Even in the best of times, many people tend towards negative thinking. In fact, I would venture to guess that the number of individuals who tend to be negative is so large that this is more of a norm than an unusual circumstance. Right now, with the world feeling so dangerous with COVID-19 and social distancing decreasing the number of outlets we have for stress relief it is so easy to allow our brain to spin itself in a never-ending loop of negativity.
So, if this resonates with you, I can assure you that you are not alone. The good news is that you can actually change those negative thoughts. It takes a little practice. It is much like going to the gym or starting a new diet. You have to work out your mind just as you would your body to see the results.
Getting back to that thought you were having when you started reading this. Was it a happy or stressful thought? If it was happy you might not need to keep reading. But if it was stressful here are some activities you can begin doing to change the habit of thinking negative thoughts:
1. Look at the stressful thought as if you are an observer. Get a little curious about the thought. Ask it some questions:
a. Is it prompting you to take action?
b. Is there something you need to do immediately or in the near future to address the thought?
c. Does the thought lack a need for action and is just interfering with your happiness?
If action is required that is great! You can make the phone call, submit the form, buy the toilet paper or whatever else it is that you need to do. But when no action is required, and you keep having the same negative thought it is time to move on to step #2.
2. Challenge and talk to the thought. This may sound silly at first but trust me it works. Imagine you are enjoying a Netflix show and your thoughts go to your fear of COVD-19. This thought popped in your head to try and protect you. You have two options. Most people opt for the first option, a fight or flight response. This causes you to release stress hormones that are not healthy. It tricks your body into thinking it is in a fight or flight situation when you are actually safe. I understand the world isn’t feeling so safe right now but in the moment that you are enjoying the show you are truly safe. What should you do instead? That brings me to option #2. You can thank the thought for reminding you that the world feels crazy right now and let it know that you want to finish enjoying this wonderful show. Again, this takes practice. That thought can be pretty powerful and initially it will keep coming back. But each time you can just reassure the thought that no action needs to be taken and let it know that you are going to continue to watch the show. You can even get tough and tell it to go away and let you enjoy the show. This is strengthening the muscle of your mind and retraining your subconscious mind. What you have is this very moment and if there is no action to be taken you deserve to enjoy it. Your health and happiness depend on it!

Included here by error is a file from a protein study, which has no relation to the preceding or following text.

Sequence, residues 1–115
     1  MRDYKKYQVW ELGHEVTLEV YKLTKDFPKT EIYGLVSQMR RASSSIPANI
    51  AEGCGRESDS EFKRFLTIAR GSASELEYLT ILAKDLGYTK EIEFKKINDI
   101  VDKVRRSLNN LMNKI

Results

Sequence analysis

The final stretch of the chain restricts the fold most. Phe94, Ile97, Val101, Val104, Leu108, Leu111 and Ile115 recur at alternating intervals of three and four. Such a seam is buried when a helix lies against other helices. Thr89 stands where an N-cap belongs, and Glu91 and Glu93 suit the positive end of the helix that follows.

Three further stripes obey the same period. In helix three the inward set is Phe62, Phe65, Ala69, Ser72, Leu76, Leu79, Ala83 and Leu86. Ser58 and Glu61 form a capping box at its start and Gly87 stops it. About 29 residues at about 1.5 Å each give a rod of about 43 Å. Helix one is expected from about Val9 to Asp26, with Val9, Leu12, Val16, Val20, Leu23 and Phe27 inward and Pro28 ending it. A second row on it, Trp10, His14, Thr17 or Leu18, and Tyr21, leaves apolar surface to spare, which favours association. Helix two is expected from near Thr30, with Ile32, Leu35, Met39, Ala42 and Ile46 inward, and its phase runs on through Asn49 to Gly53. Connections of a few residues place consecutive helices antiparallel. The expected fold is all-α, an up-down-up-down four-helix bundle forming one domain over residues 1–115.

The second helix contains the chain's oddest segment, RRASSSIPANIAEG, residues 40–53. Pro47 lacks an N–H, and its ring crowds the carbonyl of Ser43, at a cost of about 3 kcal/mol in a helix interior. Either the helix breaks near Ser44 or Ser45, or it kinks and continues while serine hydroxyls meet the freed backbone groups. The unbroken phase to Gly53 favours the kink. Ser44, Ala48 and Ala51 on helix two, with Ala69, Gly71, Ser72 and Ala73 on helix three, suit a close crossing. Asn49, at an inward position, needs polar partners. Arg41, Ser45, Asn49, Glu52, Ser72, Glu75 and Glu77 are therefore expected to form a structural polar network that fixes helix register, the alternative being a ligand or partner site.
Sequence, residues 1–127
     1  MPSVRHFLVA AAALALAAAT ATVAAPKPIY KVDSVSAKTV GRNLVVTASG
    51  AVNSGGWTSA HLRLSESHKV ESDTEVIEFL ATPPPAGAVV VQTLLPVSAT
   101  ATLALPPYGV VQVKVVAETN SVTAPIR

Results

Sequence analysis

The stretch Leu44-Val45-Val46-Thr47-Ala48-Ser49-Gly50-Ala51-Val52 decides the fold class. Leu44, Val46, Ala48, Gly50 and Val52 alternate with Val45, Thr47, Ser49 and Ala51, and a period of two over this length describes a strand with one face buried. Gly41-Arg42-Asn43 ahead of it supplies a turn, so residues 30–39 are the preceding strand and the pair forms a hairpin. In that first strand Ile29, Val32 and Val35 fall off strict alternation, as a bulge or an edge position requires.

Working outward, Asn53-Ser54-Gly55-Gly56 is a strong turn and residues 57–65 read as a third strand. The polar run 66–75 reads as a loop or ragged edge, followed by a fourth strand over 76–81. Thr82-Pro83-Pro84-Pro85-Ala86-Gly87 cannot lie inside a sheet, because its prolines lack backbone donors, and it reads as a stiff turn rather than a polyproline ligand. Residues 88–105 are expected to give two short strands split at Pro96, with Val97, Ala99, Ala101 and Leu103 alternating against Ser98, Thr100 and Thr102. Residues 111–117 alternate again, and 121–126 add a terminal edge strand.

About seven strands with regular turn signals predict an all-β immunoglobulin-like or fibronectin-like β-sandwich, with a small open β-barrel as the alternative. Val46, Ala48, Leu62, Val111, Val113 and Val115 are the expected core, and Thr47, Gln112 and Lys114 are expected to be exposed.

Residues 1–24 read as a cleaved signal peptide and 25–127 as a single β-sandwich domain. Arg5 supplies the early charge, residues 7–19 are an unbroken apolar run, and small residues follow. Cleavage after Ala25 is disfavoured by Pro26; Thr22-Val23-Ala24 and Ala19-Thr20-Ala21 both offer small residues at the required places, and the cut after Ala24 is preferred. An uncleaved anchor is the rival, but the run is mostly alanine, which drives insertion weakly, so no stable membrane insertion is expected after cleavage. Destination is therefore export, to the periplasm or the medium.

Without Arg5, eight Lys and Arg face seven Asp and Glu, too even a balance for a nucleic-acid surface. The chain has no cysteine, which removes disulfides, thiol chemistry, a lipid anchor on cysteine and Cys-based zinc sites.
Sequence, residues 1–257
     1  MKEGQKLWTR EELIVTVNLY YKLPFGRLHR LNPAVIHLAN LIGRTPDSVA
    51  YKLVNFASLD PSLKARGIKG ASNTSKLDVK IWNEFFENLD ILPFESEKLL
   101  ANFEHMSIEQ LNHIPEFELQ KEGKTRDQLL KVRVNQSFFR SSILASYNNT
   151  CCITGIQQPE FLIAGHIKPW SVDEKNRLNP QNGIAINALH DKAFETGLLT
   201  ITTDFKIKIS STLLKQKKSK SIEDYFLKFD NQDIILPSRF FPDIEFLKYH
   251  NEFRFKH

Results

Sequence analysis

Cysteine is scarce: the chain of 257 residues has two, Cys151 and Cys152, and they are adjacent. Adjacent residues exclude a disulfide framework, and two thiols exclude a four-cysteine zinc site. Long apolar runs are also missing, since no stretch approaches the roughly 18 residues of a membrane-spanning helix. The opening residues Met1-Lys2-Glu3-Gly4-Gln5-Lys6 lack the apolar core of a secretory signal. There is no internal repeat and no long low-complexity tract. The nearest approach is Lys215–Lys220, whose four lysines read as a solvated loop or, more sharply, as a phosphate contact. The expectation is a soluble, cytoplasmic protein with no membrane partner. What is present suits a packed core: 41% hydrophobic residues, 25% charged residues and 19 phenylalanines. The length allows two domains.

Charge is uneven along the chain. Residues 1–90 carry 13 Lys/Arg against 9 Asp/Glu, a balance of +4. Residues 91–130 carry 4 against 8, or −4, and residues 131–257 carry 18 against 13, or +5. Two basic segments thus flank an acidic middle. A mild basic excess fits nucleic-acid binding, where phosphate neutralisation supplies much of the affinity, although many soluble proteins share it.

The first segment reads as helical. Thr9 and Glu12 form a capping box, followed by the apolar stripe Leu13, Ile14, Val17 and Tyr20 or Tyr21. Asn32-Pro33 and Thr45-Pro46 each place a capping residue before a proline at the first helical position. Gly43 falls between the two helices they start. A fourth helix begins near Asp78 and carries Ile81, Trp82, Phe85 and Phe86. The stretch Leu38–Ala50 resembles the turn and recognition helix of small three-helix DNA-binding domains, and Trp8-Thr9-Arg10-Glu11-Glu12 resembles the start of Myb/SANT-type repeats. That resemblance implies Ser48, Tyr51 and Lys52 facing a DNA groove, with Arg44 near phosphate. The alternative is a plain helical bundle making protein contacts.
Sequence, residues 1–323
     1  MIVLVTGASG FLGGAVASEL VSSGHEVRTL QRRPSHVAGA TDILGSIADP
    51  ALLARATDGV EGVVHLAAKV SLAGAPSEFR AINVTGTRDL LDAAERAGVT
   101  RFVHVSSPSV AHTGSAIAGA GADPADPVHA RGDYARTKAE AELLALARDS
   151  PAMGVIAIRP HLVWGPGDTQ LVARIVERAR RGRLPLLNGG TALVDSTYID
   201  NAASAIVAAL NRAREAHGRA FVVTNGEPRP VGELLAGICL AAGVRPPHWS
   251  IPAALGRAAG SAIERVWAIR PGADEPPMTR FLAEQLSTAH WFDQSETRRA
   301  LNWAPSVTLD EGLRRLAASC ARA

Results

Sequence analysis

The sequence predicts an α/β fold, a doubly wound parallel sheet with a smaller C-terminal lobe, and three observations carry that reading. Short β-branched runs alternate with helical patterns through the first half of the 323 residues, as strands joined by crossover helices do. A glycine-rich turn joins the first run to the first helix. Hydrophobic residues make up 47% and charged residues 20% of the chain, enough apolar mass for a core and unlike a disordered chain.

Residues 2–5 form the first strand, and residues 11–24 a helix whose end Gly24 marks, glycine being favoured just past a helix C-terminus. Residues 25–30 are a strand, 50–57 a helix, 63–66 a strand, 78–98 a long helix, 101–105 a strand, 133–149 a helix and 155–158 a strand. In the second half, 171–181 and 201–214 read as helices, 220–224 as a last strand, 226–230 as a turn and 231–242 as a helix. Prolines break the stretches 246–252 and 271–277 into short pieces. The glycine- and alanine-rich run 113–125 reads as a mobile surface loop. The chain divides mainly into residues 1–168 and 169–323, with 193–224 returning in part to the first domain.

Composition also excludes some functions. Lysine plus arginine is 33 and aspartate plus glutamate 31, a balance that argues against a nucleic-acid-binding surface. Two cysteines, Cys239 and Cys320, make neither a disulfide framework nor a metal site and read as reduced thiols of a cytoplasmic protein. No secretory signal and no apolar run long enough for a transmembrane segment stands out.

3. This one is my favorite. Think of something you love to think about. This might take a moment, but time is something most of us have plenty of right now. Did you come up with something? Perhaps it is a funny memory, vacation spot or favorite hobby? Or maybe it is a special friend, family member or pet? Now really picture whatever it is you are thinking about. Imagine there is a canvas hanging in front of you. Add all the details you can think of to this canvas that represent that happy thought. Use your favorite colors and feel free to add words if you would like. Now brighten up this picture in your mind. Add some fun happy music and stretch this picture out to be bigger by pulling at the corners. Ahh your picture is now complete. I am sure it is beautiful! Put a big smile on your face and take a deep breath in as you really stare at this picture.
How did that feel? When you experience joy even if it was only for a minute you release feel good hormones. As you experience the reward of feeling good you are again retraining your brain.
This may initially feel or sound like a lot work. But I can assure you that sending your body into a fight or flight response when you are actually safe takes a much bigger toll on your body and robs you of the happiness you deserve to experience.
Creating a new habit takes some practice but the reward is so big.
We at MCAD would like you to know we are here for you.
If you would like to learn more about these activities or set up a virtual coaching appointment, please contact Jaimy Blazynski at firstname.lastname@example.org.
Stay home, stay healthy and work on the exercises above to help you keep calm.